Although their is no official word from the band about their next full length album, the rumour mill is in full swing. The record itself has apparently been in the works since 2010, whilst more recently artists like Chilly Gonzales have revealed the news of their collaboration with the famous French duo and disco, chic production legend Nile Rodgers has confirmed his involvement. Their synth driven house numbers have been changing the electronic music landscape since Homework was released in 1997 whilst 2001′s Discovery forged Guy-Manuel de Homem-Christo and Thomas Bangalter’s names into musical history, and just about every dance floor going. Unsurprisingly the prospect of their first real record since 2005′s Humans After All, excluding their soundtrack work for Tron Legacy (which in itself was a thing to behold), has us all salivating at the months and every DJ poised for the bar to be raised once more.
- Lauren Down

5. Yeah Yeah Yeahs – TBC
(Expected Spring 2013)

In the male dominated indie world of the early 2000s Karen O basically re-invented what it was to be a front woman, and along with her Yeah Yeah Yeahs cohorts created one of the most impressive debuts to have ever graced our ears: a twisted, taught, frenzied  40 minutes of raw emotion. Since 2003 they’ve been ripping it up, turning it down and toying with our emotions. If Fever To Tell was their crazed, brittle, striking exploration of love, sex and everything in between then Show Your Bones was their difficult second album, only without it being difficult. Growing without the pains it explored a more complex palette, more focussed, less frantic but just as intoxicating whilst their most recent full length to date was their most mature offering to date.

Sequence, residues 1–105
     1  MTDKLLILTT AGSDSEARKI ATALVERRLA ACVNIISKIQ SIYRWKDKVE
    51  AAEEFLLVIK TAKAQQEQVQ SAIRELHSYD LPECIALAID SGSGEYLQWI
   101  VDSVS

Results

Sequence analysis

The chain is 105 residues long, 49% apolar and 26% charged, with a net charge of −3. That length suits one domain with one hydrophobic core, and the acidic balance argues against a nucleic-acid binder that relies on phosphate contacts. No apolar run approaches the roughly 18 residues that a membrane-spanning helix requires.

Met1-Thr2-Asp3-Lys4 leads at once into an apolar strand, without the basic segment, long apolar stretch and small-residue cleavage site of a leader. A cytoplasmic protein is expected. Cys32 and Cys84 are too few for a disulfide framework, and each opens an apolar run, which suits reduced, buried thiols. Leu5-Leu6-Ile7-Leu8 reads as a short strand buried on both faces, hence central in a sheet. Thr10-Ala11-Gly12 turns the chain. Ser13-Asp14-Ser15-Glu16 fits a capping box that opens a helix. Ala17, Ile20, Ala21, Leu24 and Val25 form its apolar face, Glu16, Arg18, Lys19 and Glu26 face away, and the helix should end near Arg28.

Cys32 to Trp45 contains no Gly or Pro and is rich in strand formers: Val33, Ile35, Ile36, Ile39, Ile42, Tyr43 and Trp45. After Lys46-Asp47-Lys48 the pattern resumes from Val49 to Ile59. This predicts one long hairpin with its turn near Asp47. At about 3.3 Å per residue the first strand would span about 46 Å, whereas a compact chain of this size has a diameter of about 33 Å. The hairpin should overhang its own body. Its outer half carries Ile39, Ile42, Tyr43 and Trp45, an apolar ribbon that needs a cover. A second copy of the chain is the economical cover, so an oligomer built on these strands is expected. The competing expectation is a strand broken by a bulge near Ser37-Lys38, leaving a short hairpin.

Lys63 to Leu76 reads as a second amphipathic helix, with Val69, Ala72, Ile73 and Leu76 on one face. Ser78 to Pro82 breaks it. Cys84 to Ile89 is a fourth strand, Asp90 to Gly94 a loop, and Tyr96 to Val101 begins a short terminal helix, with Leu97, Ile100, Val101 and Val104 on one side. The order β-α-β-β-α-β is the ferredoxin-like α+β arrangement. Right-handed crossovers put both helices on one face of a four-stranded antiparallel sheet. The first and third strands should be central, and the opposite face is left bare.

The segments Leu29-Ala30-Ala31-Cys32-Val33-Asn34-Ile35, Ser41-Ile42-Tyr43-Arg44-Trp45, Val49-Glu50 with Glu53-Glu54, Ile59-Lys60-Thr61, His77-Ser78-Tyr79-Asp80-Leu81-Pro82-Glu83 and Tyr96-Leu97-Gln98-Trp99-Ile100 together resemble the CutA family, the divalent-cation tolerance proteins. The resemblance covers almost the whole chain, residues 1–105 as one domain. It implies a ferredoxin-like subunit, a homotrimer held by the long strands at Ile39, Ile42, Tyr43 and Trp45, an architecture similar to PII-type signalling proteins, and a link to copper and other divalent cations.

Unable to keep their creative feet still, we’re not quite sure what to expect from Nick Zinner, Brian Chase and Karen O’s new album, or even what it will be called but we know we can’t wait. In fact, due to their impressive back catalogue, we’re actually kind of nervous about it. Hopefully they’ll soon prove we have nothing to worry about.
- Lauren Down

4. Lykke Li – TBC
(Expected 2013)

Comfortably perching on the edge of super-stardom Lykke Li emerged from the coy Swedish chanteuse of Youth Novels to the striking femme fatale of 201o’s ‘Get Some.’ Having grown into her new songs and model/artist persona this past year Lykke Li’s unique sensibilities no longer see her merely perching on the edge of pop stardom, but confidently and elegantly poised right in the centre of it. With nothing more than the odd, albiet incredible, track having emerged since 2011′s Wounded Rhymes we’re hoping that Lykke Li’s mooted late 2013 tour is an indicator that the Swedish songstress has new material to show off.